To that end, folders are not the organizing metaphor on these machines, unlike most computers since Apple Computer Inc. launched the first Mac in 1984. The knock on folders is that they force users to remember where they stored their information rather than what they used it for.
Instead, the XO machines are organized around a "journal," an automatically generated log of everything the user has done on the laptop. Students can review their journals to see their work and retrieve files created or altered in those sessions.
That seems like a really smart move, as it's been way too long since someone re-thought out this desktop metaphor we use daily, especially from an educational/kids perspective. I also appreciated the comments about teaching kids MS Office:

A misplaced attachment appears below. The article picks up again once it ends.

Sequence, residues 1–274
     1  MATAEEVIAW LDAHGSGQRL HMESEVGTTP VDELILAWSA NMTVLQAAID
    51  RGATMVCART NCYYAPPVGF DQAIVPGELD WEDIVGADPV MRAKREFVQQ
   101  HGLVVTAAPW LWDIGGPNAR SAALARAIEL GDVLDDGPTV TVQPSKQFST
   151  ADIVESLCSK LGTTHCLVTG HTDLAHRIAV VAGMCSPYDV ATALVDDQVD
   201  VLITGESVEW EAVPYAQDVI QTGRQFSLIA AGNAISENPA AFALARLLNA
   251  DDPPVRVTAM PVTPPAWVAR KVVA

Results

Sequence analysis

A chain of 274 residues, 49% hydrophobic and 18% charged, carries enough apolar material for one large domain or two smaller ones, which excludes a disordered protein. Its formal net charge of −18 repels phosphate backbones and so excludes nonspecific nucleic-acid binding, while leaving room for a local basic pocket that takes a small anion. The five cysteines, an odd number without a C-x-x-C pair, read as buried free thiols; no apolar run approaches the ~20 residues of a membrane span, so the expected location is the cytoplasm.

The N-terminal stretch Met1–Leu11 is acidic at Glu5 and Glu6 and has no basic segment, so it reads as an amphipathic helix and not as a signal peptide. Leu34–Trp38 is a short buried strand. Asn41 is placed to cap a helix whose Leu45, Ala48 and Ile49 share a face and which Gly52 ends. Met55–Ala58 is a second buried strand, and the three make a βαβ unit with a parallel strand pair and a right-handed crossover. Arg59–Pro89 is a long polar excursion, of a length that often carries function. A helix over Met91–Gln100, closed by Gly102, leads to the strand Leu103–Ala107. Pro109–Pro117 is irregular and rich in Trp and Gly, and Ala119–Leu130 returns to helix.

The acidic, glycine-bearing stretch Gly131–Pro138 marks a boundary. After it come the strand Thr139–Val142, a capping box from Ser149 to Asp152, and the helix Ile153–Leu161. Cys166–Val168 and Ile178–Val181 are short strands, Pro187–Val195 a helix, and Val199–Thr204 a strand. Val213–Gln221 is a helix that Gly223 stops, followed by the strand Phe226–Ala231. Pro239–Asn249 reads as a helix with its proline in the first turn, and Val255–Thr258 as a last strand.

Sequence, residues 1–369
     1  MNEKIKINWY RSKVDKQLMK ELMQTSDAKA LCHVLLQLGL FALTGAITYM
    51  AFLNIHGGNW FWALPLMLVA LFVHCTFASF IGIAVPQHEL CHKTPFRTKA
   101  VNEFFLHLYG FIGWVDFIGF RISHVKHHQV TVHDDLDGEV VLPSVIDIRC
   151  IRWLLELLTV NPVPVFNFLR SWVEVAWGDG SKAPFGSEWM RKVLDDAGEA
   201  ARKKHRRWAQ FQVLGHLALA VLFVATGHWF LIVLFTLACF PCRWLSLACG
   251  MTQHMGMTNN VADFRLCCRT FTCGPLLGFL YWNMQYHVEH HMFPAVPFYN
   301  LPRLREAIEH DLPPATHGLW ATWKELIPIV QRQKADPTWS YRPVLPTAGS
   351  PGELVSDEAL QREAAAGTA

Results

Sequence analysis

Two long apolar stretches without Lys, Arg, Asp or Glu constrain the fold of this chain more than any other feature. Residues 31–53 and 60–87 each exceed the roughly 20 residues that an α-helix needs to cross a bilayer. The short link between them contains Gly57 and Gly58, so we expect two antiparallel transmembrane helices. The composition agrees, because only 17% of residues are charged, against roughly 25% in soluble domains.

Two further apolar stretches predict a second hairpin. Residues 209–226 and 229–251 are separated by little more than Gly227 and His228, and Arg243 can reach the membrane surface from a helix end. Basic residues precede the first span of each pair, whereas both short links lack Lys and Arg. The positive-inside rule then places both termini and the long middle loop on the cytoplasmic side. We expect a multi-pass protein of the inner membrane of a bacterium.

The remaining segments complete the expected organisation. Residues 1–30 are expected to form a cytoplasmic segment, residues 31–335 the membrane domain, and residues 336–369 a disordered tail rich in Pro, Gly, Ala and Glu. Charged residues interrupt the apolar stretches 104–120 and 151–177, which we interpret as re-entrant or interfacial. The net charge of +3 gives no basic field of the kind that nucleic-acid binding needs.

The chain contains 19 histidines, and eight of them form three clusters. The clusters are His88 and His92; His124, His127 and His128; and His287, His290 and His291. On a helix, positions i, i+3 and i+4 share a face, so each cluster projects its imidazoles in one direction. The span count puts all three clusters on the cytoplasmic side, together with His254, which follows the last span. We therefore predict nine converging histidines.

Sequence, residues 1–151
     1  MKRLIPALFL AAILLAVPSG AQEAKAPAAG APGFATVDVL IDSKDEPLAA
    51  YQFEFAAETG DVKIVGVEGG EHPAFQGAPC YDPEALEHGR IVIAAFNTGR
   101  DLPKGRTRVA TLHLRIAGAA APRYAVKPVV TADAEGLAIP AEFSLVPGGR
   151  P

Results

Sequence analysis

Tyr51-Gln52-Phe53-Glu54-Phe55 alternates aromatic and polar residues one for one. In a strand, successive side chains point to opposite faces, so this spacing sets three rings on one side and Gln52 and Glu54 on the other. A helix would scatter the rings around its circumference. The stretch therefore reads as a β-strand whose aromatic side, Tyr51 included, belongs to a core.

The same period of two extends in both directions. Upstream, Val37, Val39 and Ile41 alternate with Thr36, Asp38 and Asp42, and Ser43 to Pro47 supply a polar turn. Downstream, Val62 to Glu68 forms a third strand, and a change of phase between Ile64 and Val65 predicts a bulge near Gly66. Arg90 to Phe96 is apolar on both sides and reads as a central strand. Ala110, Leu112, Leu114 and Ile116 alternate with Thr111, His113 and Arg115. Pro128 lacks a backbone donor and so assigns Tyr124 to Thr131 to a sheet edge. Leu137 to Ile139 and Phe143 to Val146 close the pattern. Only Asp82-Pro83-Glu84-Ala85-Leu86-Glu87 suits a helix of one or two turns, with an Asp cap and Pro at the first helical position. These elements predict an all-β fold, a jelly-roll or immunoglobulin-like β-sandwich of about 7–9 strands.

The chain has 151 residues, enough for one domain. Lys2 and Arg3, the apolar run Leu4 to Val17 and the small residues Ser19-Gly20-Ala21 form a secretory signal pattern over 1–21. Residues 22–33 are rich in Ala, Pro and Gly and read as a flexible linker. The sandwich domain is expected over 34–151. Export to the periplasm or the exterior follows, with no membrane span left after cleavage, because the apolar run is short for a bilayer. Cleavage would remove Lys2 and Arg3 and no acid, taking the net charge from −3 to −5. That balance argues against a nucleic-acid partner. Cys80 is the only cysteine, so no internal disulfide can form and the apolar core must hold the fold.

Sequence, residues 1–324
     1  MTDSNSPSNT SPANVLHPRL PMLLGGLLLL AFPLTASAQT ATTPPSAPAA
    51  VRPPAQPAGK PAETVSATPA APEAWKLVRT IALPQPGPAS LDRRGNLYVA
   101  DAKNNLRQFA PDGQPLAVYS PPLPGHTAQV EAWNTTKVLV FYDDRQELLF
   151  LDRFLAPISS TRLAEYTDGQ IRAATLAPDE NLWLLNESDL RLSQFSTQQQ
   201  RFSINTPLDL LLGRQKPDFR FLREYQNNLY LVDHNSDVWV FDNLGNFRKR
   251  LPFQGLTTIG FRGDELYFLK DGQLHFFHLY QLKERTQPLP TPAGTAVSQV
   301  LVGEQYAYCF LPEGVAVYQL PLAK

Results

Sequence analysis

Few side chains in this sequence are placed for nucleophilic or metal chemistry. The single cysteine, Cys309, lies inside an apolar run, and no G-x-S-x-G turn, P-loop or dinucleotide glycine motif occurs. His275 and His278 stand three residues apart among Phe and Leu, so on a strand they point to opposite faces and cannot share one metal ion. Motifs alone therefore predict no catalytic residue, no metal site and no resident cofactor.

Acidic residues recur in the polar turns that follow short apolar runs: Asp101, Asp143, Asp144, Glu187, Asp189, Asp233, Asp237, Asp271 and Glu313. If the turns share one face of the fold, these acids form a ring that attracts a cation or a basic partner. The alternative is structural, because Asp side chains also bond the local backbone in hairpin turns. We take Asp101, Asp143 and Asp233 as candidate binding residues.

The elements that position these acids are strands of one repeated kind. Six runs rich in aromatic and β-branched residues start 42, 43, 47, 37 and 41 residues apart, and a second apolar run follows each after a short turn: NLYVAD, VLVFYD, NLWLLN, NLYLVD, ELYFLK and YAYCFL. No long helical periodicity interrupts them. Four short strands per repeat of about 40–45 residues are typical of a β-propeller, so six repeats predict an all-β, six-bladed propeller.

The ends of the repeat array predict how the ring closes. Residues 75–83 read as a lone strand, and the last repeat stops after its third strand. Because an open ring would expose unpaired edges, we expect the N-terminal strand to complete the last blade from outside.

"In fact, one of the saddest but most common conditions in elementary school computer labs (when they exist in the developing world), is the children are being trained to use Word, Excel and PowerPoint," Negroponte wrote in an e-mail interview. "I consider that criminal, because children should be making things, communicating, exploring, sharing, not running office automation tools."
This agrees with the classic Logo take on education: kids should be programming the computer, instead of the computer programming kids.
I'll still be amazed if they can pull this project off, but considering they've raised $29 million, they must be at least on the right track.